The Tender Bar: Another coming of age drama that really does not belong in this list of potential award winners. It was brought to my attention because of the appearance of Ben Affleck and the celebrity of the director, George Clooney. That is a great deal of fire power for such a minor work, but it does evoke an occasional tear with little doubt that it is a sweet story based on an autobiographical yarn by NY Times Pulitzer Prize winner, JR Moehringer.
Clooney is not yet in the league of Paul Thomas Anderson or Paolo Sorrentino as a director (but on the flip side, I am betting neither Anderson nor Sorrentino can act as well as Mr. Clooney). To give him his due, director Clooney aims for San Diego and gets there, but he does so without flare and without the necessary support this film so desperately needs. That “need” is in the form of two kids…the nine-year-old youth who learns what it is to be a man from the point of view of his bar owning uncle (Affleck) and the latter-day teenager that boy becomes when it is time to go to college and, ultimately, to the NY Times.
The two young actors who play these parts must carry the emotional weight of the movie. It is okay if they lack acting “technique”… or even experience… just so long as they have that ephemeral something that connects when the camera turns on.
Star power is difficult to define, but you sure know it when you see it. Not every film requires it. But in a story such as this, you either find that kid (in this case kids) or you put everything else at risk. It is one of those things you wait for…if you are serious about your art, (and, if of all people, George Clooney isn’t, then why is he doing this? One would assume that he could not possibly need the money).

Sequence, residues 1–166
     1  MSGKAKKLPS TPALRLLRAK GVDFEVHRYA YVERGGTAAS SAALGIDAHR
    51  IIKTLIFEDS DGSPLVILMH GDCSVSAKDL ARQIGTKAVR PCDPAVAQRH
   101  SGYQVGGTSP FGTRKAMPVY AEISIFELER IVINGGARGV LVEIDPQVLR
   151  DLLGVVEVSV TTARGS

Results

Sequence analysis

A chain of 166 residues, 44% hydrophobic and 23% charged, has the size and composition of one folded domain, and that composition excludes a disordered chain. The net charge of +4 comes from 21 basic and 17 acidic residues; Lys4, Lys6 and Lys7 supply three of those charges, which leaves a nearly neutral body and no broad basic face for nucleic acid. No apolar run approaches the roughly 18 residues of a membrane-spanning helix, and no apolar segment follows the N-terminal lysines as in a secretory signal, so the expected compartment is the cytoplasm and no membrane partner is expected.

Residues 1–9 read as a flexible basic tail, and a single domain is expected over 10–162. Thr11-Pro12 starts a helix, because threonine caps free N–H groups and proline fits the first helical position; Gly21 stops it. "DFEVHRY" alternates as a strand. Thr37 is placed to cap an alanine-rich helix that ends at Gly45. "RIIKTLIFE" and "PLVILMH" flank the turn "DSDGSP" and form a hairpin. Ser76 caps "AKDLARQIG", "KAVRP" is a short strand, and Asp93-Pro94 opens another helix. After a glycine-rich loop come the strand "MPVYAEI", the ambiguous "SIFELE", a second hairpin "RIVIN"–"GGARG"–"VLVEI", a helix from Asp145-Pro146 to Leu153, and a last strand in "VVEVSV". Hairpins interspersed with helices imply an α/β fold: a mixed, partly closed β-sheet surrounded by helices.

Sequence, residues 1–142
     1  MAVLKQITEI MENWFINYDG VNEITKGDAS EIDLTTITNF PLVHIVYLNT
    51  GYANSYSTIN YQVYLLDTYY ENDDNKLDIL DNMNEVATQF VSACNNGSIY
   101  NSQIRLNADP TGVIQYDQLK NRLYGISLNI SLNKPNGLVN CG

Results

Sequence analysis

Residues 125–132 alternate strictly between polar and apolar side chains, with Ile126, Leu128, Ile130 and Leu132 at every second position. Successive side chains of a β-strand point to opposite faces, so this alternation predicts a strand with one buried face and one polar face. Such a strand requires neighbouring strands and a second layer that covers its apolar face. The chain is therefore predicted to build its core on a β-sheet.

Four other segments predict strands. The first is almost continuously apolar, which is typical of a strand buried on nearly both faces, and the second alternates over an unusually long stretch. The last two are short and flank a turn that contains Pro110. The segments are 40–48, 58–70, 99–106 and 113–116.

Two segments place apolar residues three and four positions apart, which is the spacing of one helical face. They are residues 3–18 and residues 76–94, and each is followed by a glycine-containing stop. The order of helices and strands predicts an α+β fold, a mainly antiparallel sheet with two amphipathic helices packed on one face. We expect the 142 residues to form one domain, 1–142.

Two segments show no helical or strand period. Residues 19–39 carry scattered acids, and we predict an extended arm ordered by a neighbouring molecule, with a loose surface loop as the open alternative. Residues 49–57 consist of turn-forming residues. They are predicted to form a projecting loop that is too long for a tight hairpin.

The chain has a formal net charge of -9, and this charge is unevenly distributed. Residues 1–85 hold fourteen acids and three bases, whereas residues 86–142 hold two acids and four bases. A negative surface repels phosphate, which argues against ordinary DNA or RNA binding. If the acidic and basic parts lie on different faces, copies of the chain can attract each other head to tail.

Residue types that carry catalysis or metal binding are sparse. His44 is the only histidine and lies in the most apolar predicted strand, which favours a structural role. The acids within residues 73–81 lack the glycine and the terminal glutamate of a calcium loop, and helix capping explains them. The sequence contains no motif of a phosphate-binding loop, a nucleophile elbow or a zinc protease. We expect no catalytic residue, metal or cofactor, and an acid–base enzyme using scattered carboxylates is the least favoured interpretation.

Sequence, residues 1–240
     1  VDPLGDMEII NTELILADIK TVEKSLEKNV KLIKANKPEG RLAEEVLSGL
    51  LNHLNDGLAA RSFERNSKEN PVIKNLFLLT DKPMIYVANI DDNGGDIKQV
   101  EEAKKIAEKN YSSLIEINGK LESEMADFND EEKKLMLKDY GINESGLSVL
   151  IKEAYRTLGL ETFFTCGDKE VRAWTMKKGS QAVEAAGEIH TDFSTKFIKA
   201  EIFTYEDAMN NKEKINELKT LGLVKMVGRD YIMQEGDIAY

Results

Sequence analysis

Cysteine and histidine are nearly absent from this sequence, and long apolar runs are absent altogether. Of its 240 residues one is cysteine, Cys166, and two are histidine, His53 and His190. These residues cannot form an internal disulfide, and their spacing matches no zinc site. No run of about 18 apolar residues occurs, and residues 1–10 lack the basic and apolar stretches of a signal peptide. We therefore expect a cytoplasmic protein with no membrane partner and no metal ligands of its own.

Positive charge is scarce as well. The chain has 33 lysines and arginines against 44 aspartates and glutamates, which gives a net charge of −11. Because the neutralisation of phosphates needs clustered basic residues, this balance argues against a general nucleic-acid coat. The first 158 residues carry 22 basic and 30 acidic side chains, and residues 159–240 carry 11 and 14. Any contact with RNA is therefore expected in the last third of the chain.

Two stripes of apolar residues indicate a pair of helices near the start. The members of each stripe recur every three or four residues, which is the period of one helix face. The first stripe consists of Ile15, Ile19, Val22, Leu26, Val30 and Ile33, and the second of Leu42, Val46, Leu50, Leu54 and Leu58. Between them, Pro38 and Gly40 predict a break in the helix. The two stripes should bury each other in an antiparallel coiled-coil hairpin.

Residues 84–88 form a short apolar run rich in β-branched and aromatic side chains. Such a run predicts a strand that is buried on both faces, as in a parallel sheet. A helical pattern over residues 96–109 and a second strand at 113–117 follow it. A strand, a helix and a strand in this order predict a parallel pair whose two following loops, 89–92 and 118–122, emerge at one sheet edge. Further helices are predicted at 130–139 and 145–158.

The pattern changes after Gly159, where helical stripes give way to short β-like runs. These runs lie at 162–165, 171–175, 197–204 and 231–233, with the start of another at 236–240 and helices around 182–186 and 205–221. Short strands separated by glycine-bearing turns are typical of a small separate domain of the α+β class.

Unless there are mouths to feed, you wait… and refuse to make the movie until you find what you need. Trust me, there is no measuring the import of failing to cast one’s project properly. Think about it: how many bad versions of Hamlet have you seen in your life? I can assure you, there is nothing wrong with the writing.
Casting makes the movie C’mon, C’mon rise above the pack, and it could not be more essential to Branagh’s Belfast. It is, unhappily for all concerned, that very special thing that Clooney’s movie lacks. If you insist, you can see this on Netflix.
Moving on. There is a lot of talk about many other films I did not take the time to review that you may well want to discover for yourselves: Flee, winner of the Sundance Grand Jury Prize (Amazon Prime), A Hero, (Amazon Prime) Cannes Film Festival Grand Prix Winner, The Last Duel (HBO MAX) winner National Board of Review, Parallel Mothers (Amazon Prime, Vudu, YouTube) winner Venice Film Festival in best actress category (Penelope Cruz), Passing (Netflix), Red Rocket (Vudu) top film of National Board of Review and others, Respect (Amazon Prime), Summer of Soul (Hulu) winner Sundance Film Festival Grand Jury Prize, Mass (Apple iTunes, YouTube and others) multiple national and international awards and nominations, Titane (Amazon Prime) the Palme d’Or winner at Cannes, plus National Board of Review top foreign language film. It is on Amazon Prime.